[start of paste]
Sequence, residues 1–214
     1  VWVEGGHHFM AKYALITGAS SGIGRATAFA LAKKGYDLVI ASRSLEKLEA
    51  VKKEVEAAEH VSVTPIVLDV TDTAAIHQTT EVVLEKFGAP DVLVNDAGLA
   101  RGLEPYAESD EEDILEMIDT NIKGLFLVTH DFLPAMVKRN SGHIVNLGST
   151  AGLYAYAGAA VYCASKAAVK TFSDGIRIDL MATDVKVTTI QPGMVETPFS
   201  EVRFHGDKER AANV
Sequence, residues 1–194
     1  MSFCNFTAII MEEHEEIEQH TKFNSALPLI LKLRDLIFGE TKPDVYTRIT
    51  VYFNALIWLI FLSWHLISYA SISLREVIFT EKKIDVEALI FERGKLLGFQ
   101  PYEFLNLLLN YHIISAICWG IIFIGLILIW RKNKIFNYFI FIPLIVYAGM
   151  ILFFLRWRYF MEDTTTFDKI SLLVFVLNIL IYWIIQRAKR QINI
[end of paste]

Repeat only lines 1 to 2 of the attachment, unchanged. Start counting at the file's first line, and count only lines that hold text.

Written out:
Sequence, residues 1–214
     1  VWVEGGHHFM AKYALITGAS SGIGRATAFA LAKKGYDLVI ASRSLEKLEA